Maspier was unable to describe the creature with minuteness, for he had seen it but dimly and partially in the unlit street; and moreover, the fate of his companion, who had fallen to the cobblestones with the black devil snarling and tearing at his throat, had not induced Maspier to linger in that vicinity. He had betaken himself from the scene with all the celerity of which he was capable, and had stopped only at the house of a priest, many streets away, where he had related his adventure between shudderings and hiccuppings.

Armed with holy water and aspergillus, and accompanied by many of the towns-people carrying torches, staves and halberds, the priest was led by Maspier to the place of the horror; and there they had found the body of Mazzal, with fearfully mangled face, and throat and bosom lined with bloody lacerations. The demoniac assailant had flown, and it was not seen or encountered again that night; but those who had beheld its work returned aghast to their homes, feeling that a creature of nethermost hell had come to visit the city, and perchance to abide therein.

Consternation was rife on the morrow, when the story became generally known; and rites of exorcism against the invading demon were performed by the clergy in all public places and before thresholds. But the sprinkling of holy water and the mumbling of the stated forms were futile; for the evil spirit was still abroad, and its malignity was proved once more, on the night following the ghastly death of Gerome Mazzal.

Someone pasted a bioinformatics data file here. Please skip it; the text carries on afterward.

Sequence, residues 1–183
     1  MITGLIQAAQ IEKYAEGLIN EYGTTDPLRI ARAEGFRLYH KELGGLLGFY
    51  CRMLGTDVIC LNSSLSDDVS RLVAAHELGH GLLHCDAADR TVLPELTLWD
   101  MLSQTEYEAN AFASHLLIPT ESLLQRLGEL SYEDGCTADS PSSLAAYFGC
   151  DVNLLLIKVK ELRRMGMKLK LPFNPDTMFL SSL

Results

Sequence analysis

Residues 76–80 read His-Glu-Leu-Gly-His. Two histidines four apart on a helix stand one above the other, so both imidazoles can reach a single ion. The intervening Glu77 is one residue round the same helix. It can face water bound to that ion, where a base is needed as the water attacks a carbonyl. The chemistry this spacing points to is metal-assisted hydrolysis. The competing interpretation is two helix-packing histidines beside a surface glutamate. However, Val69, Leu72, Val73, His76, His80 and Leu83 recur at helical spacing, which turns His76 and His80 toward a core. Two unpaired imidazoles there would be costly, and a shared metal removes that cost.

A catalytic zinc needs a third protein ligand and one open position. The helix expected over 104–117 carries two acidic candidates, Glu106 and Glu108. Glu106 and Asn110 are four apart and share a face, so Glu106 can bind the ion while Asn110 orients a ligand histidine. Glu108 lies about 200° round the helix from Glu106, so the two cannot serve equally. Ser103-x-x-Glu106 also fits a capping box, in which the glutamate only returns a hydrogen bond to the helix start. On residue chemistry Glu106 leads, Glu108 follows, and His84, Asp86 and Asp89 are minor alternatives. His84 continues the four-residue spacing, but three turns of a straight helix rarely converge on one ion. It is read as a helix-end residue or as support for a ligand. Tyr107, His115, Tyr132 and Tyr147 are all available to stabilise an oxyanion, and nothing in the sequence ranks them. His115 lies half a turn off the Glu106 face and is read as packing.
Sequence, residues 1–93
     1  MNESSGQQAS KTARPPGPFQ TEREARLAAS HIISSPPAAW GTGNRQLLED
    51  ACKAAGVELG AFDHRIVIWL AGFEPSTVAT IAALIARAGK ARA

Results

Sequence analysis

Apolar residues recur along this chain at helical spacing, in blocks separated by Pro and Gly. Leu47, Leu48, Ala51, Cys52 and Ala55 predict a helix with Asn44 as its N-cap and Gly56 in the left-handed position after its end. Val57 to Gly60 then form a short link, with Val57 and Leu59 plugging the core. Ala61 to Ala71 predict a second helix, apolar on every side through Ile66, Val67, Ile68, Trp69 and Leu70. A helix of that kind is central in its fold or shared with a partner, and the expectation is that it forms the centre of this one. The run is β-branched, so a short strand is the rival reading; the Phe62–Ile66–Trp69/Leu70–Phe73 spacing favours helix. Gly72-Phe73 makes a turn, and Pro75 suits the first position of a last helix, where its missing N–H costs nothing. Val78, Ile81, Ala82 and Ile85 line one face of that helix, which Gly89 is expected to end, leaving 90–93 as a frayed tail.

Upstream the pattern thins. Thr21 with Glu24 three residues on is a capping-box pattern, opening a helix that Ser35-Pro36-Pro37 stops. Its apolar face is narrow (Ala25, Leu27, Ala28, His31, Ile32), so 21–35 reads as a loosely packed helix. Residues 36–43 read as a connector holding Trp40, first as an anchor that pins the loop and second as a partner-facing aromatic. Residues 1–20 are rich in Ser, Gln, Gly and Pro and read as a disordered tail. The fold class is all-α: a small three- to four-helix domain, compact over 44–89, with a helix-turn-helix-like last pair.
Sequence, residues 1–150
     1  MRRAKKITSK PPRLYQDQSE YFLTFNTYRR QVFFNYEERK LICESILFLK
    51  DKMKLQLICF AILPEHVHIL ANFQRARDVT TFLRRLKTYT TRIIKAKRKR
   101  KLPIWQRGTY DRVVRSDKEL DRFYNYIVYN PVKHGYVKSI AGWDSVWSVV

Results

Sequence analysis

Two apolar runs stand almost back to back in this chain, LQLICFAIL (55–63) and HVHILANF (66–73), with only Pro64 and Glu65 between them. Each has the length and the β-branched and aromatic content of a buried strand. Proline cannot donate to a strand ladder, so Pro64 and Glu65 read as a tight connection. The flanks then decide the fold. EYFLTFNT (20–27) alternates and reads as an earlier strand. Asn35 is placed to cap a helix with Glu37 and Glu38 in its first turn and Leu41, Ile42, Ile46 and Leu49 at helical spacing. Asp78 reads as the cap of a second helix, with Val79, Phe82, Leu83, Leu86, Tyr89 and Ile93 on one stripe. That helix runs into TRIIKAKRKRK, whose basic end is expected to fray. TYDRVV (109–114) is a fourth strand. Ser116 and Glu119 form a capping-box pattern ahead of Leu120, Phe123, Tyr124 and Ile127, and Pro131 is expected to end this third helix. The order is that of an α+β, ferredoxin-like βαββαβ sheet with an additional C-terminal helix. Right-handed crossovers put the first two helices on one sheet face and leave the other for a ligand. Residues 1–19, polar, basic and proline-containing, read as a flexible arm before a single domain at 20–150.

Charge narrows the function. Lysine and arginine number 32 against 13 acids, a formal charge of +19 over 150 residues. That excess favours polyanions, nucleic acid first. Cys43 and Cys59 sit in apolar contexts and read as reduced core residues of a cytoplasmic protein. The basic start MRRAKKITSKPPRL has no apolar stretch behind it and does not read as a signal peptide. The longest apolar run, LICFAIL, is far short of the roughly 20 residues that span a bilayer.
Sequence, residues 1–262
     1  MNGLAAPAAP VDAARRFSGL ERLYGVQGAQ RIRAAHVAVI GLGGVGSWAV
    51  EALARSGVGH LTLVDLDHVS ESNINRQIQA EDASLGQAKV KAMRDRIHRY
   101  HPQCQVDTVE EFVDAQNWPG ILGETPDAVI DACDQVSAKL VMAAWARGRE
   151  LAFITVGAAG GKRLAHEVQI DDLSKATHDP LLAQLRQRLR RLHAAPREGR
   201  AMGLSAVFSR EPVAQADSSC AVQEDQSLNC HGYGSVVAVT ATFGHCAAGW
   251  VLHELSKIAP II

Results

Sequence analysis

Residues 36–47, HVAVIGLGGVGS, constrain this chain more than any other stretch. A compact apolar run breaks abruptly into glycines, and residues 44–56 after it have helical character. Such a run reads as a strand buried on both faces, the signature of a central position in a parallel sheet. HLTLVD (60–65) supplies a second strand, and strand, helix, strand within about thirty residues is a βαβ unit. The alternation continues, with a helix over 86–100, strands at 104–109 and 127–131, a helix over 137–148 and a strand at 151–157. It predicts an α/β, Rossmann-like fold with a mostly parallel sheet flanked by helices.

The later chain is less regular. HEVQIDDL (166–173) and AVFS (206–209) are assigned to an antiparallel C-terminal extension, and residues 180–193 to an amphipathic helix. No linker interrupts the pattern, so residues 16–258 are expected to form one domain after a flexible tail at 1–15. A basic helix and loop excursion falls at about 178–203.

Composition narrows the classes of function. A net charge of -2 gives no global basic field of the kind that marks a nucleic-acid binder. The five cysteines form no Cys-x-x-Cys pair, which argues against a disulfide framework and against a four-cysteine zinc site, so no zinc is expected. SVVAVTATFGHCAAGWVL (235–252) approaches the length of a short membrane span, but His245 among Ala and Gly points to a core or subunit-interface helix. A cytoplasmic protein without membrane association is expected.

This time, it claimed two victims, burghers of high probity and some consequence, on whom it descended in a narrow alley, slaying one of them instantaneously, and dragging down the other from behind as he sought to flee. The shrill cries of the helpless men, and the guttural growling of the demon, were heard by people in the houses along the alley; and some, who were hardy enough to peer from their windows, had seen the departure of the infamous assailant, blotting out the autumn stars with the sable and misshapen foulness of its wings, and hovering in execrable menace above the house-tops.